Billy Ocean was a huge crossover success story in the 1980's. Born in Trinidad, raised in Britain, he was a fixture on the American R&B and pop charts in the mid and late 1980's. His multi-genre and multi-generational appeal led to a string of six top-five pop smashes in five years from 1984-1989, three of which went to number one. His chart resume in those years can stand up to just about anyone's.
His 1989 "Greatest Hits" collection (which I was listening to this past week) contained a new song that was carefully crafted to modernize his sound and launch his career into the new decade. Switching from R&B/funk to the then white-hot New Jack Swing sound and featuring a guest rap/monologue by The Fresh Prince, "I Sleep Much Better (In Someone Else's Bed)" had all the makings of a hit. Except it wasn't a hit. It didn't even chart on the Hot 100. In fact, after 1989, Billy Ocean never again placed a song in the Hot 100.
I often think about why so many music stars of the 80's turned quickly into afterthoughts at the start of the 90's. The neat and tidy explanations (Nirvana happened and killed off hair metal! Hip-hop took over!) haven't stood up to close scrutiny. Tastes are constantly changing and no "big event" or revolutionary bands were needed to vanquish the genres that were falling out of favour anyway, History makes for a cleaner read when it's "Band X took over from Band Y" but any music scene is a complex continuum whose evolution shouldn't be easily summarized by the actions of one or two bands. Still, a LOT of turnover happened between 1989-1992 -- or it could be my generational bias talking?
But maybe one needn't resort to the sorcery of grand assumptions to figure out what happened to Billy Ocean:
1) Mutt Lange was the wrong producer in the wrong place at the wrong time for this record. There's something to be said for loyalty and familiarity with a producer, but his attempt at producing New Jack Swing comes off as flimsy and fake compared with other records from the era.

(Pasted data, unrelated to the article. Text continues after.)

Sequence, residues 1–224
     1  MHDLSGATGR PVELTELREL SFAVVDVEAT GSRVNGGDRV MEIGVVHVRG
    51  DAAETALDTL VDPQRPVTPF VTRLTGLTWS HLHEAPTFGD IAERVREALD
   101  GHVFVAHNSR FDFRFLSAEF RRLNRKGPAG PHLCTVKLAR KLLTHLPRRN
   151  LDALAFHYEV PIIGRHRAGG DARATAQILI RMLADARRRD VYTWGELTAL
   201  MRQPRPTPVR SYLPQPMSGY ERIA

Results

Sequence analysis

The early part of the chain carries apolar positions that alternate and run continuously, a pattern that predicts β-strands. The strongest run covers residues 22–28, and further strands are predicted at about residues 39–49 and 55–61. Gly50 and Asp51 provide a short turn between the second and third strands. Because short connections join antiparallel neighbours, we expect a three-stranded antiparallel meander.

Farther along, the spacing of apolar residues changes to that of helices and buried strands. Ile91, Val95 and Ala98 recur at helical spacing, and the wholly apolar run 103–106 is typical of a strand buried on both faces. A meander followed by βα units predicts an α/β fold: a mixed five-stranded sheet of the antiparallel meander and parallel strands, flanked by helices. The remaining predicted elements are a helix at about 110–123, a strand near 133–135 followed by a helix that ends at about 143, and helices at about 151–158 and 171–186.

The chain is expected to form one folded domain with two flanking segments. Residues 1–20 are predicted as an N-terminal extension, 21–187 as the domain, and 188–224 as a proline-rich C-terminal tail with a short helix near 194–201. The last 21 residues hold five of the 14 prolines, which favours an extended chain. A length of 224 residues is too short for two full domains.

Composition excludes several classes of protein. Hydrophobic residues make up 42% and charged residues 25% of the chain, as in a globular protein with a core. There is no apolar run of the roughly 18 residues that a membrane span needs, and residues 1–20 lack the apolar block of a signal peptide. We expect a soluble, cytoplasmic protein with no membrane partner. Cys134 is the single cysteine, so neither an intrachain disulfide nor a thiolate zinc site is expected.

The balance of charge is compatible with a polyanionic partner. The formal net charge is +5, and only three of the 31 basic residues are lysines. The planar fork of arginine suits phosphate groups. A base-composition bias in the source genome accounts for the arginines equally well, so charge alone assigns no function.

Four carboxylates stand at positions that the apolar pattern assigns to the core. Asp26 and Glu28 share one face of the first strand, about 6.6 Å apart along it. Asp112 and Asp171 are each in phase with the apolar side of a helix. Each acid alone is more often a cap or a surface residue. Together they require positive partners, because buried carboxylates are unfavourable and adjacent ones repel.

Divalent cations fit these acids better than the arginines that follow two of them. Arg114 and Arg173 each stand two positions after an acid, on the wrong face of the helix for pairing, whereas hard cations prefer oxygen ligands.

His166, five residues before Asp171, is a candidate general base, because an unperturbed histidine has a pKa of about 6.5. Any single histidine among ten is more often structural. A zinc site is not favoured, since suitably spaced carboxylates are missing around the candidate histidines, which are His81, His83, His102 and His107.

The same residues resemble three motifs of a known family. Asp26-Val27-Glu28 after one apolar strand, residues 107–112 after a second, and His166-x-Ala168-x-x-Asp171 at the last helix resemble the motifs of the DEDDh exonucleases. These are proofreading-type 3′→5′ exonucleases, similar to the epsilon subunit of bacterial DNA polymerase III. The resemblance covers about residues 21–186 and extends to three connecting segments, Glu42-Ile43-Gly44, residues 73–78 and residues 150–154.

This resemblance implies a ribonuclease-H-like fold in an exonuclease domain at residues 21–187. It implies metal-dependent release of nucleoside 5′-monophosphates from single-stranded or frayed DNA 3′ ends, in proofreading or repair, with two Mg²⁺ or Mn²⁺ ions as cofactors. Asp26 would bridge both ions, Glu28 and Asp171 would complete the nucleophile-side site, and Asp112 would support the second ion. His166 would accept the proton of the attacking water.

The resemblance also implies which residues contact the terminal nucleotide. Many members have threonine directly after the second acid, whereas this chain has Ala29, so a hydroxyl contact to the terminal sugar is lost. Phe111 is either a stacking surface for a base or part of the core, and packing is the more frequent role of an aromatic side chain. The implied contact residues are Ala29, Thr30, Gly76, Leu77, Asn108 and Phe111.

2) NJS stars were trending much younger than the then-40 year old Billy Ocean. Downtempo R&B, led by the likes of Boyz II Men, would be huge in the 90's and Ocean would have had more success in that scene rather than trying to pass himself off as younger, hipper, and more club-ready.
3) The 90's in general were more about authenticity than presentation. A singer with a street smart fashion sense seemed real and believable, but a singer in a suit was a poseur in a fancy costume Groups like Boyz II Men did wear suits, but not exclusively so, and in their presentation they always came off like soulful street crooners, rather than supper club puppets. In this sense there wasn't anything Ocean could do, since he was typecast into his image.
Reason #3 is the most puzzling one, for in principle there was no reason why Billy Ocean, and many other 80's stars, couldn't reinvent themselves. Sure, not everybody is David Bowie or Madonna and can credibly pull that off, most stars are who they are and their careers live or die based on that. But was there a bias (or let's call it bigotry) against black artists in that respect? Most big late 80's acts lost their way in the early 90's, but some tweaked their image and became even more successful (Depeche Mode, U2, Tom Petty), remained popular as album oriented touring acts (Bon Jovi, Rolling Stones, Def Leppard), or kept themselves relevant and respectable on the charts in part due to soundtrack work (Elton John, Phil Collins). So were black artists more likely typecast as outdated hasbeens and dismissed? Even Prince, who could adapt himself to any genre he put his mind to, never truly managed to fit in during the 90's, at least not after 1991. The industry as a whole was more likely to pigeonhole black artists into a certain mold and not allow them to branch out.